Is it for backlinks? You can do that with other high domain authority websites that are do-follow (Wikipedia has no-follow attributes).
Is it to expand your internet presence? Having a good media outreach strategy will likely work the same or better.
My point is, if you don’t qualify for a Wikipedia page, it’s not the end of the world. Simply step back and evaluate why you want one in the first place. Wikipedia can be used as a marketing tool, but there are plenty of other avenues you can travel if you don’t qualify. You can put your money and energy into something that will likely return the same results (media outreach, SEO, etc.).
Think of Indiana Jones when he was chasing the Holy Grail. How many times did he almost die? Don’t be Indy. The movie doesn’t end the same in real life, especially when it comes to Wikipedia.
I’ve Seen Less Notable Topics with Wikipedia Pages. What About Them?
I get this question often. People ask me why other people with less notability have pages on Wikipedia. Quite simply, there are not enough volunteer Wikipedia editors who police the site.
In fact, Wikipedia has a rule called “other stuff exists” which basically states you should not create a new page based off an existing page that doesn’t meet guidelines.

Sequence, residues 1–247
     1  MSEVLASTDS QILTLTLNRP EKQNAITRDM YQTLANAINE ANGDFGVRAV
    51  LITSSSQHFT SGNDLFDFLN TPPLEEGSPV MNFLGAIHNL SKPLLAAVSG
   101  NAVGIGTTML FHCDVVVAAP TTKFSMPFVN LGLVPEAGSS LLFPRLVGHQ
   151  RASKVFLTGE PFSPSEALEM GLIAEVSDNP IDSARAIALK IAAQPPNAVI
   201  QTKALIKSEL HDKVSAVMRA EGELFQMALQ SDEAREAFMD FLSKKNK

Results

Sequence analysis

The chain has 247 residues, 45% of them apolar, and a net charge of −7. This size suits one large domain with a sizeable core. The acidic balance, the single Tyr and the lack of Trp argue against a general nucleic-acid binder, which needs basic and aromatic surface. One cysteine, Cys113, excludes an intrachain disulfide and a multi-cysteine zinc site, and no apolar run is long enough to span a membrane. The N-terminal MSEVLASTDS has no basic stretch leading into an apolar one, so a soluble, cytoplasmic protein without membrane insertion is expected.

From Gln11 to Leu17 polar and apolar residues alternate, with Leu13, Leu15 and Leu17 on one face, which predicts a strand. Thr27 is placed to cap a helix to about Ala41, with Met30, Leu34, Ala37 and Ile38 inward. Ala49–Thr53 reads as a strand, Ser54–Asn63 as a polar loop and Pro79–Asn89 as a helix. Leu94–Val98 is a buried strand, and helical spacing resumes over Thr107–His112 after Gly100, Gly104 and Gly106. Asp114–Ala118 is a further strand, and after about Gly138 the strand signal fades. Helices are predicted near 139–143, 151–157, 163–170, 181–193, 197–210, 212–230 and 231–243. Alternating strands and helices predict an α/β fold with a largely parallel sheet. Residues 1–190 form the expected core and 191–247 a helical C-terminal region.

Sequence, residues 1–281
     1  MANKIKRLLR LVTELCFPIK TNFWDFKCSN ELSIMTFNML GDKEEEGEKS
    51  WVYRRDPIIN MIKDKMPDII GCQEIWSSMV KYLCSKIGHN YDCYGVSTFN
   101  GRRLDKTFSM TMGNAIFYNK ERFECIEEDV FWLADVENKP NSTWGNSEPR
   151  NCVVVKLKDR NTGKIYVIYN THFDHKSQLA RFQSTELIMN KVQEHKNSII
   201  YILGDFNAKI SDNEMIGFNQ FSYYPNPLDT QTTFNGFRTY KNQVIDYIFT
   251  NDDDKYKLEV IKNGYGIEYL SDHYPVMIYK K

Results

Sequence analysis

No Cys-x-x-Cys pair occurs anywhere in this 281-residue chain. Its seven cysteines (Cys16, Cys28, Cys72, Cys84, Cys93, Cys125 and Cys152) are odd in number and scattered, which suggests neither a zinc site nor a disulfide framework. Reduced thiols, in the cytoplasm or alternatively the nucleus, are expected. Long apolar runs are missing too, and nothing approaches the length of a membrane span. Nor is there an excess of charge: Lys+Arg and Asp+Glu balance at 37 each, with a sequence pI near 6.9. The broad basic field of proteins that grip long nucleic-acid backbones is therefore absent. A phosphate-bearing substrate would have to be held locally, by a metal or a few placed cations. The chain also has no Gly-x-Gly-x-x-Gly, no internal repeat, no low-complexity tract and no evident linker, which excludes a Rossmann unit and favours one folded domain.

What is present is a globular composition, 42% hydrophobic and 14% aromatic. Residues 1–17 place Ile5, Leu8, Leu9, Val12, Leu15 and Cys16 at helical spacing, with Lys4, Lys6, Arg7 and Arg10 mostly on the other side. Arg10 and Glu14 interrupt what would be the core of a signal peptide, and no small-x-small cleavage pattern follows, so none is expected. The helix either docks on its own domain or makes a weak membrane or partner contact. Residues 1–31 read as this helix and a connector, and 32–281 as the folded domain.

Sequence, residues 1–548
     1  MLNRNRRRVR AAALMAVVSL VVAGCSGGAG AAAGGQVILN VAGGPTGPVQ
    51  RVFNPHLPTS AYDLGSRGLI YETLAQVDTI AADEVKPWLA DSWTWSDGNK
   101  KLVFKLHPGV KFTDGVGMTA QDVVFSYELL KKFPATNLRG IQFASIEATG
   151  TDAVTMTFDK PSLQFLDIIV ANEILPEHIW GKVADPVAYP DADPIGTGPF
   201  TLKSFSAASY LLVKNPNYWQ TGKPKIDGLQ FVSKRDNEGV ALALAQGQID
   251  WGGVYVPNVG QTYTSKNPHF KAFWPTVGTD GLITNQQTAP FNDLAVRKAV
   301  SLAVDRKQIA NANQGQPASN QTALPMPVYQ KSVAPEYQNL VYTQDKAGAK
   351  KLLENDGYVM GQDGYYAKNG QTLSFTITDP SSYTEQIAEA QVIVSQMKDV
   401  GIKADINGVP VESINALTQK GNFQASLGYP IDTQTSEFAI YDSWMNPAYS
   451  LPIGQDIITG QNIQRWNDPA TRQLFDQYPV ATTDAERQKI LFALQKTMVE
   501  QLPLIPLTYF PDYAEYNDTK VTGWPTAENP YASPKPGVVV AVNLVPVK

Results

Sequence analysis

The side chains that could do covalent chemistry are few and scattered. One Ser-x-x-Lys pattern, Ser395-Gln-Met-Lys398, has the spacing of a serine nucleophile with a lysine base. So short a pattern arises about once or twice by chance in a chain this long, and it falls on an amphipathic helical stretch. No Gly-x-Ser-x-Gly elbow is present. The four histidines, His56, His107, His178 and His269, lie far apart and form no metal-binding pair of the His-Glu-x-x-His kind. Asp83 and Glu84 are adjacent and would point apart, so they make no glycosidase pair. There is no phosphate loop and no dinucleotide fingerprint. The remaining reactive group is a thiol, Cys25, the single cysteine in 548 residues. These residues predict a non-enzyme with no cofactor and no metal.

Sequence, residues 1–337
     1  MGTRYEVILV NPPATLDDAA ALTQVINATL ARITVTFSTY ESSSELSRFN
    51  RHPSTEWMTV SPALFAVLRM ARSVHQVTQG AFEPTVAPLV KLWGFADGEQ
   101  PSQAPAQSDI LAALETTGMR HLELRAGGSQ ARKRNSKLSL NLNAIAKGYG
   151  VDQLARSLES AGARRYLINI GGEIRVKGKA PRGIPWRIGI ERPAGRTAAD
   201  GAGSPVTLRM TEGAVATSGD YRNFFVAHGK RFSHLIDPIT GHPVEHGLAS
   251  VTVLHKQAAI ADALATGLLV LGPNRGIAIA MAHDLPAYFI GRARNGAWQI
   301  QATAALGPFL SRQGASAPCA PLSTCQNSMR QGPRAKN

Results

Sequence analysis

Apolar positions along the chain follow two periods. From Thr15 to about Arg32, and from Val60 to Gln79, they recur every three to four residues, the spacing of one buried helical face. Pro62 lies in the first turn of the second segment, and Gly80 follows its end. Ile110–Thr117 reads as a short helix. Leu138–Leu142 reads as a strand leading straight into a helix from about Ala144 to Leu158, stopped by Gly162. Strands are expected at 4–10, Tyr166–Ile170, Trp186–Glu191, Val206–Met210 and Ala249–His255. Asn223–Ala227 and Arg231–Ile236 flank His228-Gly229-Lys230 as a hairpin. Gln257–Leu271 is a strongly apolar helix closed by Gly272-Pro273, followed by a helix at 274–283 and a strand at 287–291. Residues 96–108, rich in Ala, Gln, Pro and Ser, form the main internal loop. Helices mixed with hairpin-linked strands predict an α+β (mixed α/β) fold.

Here is a perfect example of how it would work in the real world.
Let’s say you pull into a parking lot and all the spaces are full. You see ten cars parked in a no-parking zone so you decide to join them. After all, they aren’t being towed or getting ticketed are they?
Well, that’s just your luck. As soon as you park, a police officer pulls into the parking lot, gives you a ticket and tows your car. While your excuse may be that others are doing the same thing, the response is going to be simple – just because other people are violating the law, doesn’t give you the right to.
This is the same concept when it comes to comparing other Wikipedia articles.
Now, don’t let this persuade you from using other “good” pages as examples. You need to choose pages that are listed as “good” or “featured” pages as these tend to give you a better representation of the flow of a Wikipedia page.
Let’s Just Post the Page and See What Happens
I have heard this comment many times. Unfortunately, it is a comment that can literally end the possibility of ever having a Wikipedia page.
Here is what I mean.
As stated earlier, people hire freelancers to post pages for them even though they are not notable enough for Wikipedia. The page winds up deleted shortly thereafter (yes, a few slip through but they are eventually found and deleted).